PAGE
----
A revitalized President Barack Obama and newly empowered Republican leaders are heading into Tuesday's State of the Union address on a collision course.
At their joint retreat in Hershey, Pa., Republicans fresh off triumphant midterm elections said they are looking for the president to become a legislating partner — even as they promise bold, or even quixotic, clashes with Obama. But Obama has been on offense, pushing a more aggressive agenda while raining down veto threats on the new Congress. And even if many of his initiatives seem destined to become legislative cannon fodder, his pen-and-phone agenda has been in hyperdrive, most notably with his temporary executive amnesty for millions of immigrants.
Obama's poll numbers have been buoyed in recent weeks amid signs of an improving economy, with the president looking to build momentum heading into what he calls the "fourth quarter" of his presidency.
"America’s resurgence is real. Our job now is to make sure that every American feels that they’re a part of our country’s comeback," he said in his radio address previewing the speech, adding Congress should join him and stop the "games."
Obama's middle-class agenda, headlined by a push for free community college and middle-class tax cuts paid for by new tax hikes on the wealthy and the biggest banks, represents the initial Democratic ask heading into negotiations over a tax overhaul and the budget.
It's effectively a dare to Republicans to side with the rich or come to the table on fighting income inequality. Either Obama gets an unlikely win or Democrats get a campaign agenda for 2016.
Republican leaders have generally panned Obama's policy rollout, but they are holding out hope for deals on trade, transportation and a tax overhaul later this year and are hopeful he'll send signals Tuesday that he's ready to meet them in the middle.
Republicans — whose retreat featured speakers such as comedian Jay Leno, former British Prime Minister Tony Blair, columnist Peggy Noonan and pollster Frank Luntz — seemed to be angling for a return to the deal-making 1990s, when Bill Clinton worked with the GOP after it took over Congress.
“There’s much we can accomplish for the American people, if the president is willing to work with us,” Senate Majority Leader Mitch McConnell, R-Ky., said on the floor Friday.
But alongside those hopes for productivity, they readily acknowledge some of their most ambitious legislative plans are aimed at showing stark differences ahead of the 2016 elections.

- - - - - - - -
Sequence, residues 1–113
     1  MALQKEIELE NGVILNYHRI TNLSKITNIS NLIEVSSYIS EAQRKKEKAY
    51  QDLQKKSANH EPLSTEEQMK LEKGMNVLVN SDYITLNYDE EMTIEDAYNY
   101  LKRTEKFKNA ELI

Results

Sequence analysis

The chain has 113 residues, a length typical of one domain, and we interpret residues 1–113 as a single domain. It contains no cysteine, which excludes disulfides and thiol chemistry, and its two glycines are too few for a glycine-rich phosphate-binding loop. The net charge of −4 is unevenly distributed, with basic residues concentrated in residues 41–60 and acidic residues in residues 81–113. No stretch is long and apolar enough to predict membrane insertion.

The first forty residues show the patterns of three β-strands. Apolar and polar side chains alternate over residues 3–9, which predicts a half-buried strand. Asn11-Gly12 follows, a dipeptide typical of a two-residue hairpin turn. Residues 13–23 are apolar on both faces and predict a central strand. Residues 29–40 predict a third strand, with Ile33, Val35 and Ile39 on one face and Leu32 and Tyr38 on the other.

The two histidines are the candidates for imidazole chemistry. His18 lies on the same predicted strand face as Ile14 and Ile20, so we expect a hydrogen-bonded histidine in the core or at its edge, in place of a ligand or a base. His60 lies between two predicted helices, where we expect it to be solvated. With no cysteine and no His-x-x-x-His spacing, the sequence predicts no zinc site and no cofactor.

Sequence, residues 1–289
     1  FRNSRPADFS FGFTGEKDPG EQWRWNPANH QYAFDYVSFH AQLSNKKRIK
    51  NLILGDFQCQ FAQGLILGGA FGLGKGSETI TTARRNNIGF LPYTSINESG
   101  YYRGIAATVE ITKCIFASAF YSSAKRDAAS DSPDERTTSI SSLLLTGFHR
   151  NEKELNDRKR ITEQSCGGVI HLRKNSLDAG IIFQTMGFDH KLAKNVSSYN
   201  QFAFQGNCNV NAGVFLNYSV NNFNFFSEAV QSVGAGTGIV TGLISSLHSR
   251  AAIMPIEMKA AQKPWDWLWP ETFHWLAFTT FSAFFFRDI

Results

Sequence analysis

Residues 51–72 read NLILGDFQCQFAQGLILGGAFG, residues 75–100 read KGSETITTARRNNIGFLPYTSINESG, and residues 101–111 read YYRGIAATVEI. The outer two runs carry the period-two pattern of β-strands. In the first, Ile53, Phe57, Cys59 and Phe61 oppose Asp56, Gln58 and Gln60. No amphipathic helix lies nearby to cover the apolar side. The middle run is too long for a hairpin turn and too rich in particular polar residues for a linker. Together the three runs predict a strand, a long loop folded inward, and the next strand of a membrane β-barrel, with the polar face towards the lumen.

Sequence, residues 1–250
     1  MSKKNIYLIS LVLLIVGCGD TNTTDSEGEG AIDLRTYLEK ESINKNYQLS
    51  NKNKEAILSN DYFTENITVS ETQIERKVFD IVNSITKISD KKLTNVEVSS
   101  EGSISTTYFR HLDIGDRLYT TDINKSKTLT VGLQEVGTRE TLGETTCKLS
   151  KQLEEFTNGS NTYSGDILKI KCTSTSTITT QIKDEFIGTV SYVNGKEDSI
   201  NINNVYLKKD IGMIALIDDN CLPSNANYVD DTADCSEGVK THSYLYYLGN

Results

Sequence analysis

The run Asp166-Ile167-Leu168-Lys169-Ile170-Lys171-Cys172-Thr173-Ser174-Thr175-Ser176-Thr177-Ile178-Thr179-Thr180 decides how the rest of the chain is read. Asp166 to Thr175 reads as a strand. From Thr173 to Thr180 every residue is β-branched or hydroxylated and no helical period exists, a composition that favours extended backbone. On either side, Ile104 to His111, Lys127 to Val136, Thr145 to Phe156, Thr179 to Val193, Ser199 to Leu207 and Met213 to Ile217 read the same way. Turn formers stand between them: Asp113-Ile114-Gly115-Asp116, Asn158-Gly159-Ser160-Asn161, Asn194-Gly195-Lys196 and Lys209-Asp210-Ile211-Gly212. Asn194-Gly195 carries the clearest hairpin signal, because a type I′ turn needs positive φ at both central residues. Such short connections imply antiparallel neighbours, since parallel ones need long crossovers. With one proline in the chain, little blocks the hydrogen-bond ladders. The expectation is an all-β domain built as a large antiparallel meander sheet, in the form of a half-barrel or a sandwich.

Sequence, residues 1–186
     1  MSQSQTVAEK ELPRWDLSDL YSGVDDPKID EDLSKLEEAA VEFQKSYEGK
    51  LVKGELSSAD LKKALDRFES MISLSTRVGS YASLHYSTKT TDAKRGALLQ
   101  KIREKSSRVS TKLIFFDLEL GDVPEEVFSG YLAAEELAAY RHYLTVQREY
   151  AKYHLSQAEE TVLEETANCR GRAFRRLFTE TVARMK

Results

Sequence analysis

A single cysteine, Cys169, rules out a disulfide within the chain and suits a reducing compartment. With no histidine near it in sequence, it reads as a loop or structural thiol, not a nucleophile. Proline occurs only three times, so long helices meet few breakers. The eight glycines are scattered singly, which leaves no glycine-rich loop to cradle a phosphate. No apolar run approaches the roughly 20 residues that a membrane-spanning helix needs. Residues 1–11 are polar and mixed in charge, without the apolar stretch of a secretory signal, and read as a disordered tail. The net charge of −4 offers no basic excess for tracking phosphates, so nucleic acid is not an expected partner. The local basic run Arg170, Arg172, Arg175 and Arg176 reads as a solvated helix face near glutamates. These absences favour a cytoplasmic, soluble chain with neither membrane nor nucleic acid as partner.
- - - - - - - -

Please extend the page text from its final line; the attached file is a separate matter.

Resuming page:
"We’re going to take actions where we want to show the country how we would do things differently, pass our bold reform ideas, and know that the president won’t support them," Ways and Means Chairman Paul D. Ryan told reporters in Hershey.
But, Ryan continued, the second kind of action Republicans would take would be on items where the president and Congress could see eye to eye, like trade.
Fundamentally, the two sides remain at odds.
Obama wants more spending and higher taxes on the rich; new majority makers such as Sen. Joni Ernst, R-Iowa, picked by GOP leaders hopeful her heartland demeanor will win over voters, ran a campaign ad talking of castrating hogs to demonstrate her commitment to cutting spending and making Washington "squeal."
Republicans remain concerned about Obama's pen and phone as he looks to cement his legacy.
“What I’m hoping to hear is the president is going to work with us and not go it alone,” said Sen. John Hoeven, R-N.D.
But that hope might be fleeting. “Here he goes again on methane regulations, going his own way, making it harder for the private sector," Hoeven said.
But the elephant in the GOP retreat's conference room last week — and perhaps in the House chamber Tuesday night, is the debate over immigration and homeland security funding, which expires on Feb. 28.
Republicans are still searching for an exit strategy given they lack the votes to enact a House-passed bill's provisions rolling back Obama's executive actions granting deportation relief and work permits to many here illegally.
Senate Republicans, for starters, have no appetite to shut down the Department of Homeland Security.
“That’s off the table,” Senate Majority Whip John Cornyn said last week.
Matt Salmon, R-Ariz., said he understood the need work with the Senate on crafting legislation. But he said if Republicans "just try to march in place, we're going to get our butts kicked in the next election."
Much of the GOP retreat was about managing the expectations of conservatives like Salmon, particularly on Obamacare and the use of budget reconciliation rules to dismantle parts of the 2010 health care law with a simple majority vote in the Senate.
The developing GOP line on Obamacare is that Republicans should wait for a decision expected from the Supreme Court in June, which will rule on subsidies in states that did not set up their own health care exchanges.
Iowa Republican Steve King isn't interested in tempering the GOP's attacks on Obamacare.
But even he suggested at the retreat Republicans “should not have our sights set too high.”
King said Obama would veto most of the strongest GOP legislative proposals, and pretending that Republicans could enact conservative ideas wasn’t a helpful fiction.
“What we can do is lay good ideas out, send them to the president’s desk, and in doing so, we lay the foundation for the debate for the next president of the United States,” King said. “And that’s what actually changes the country.”
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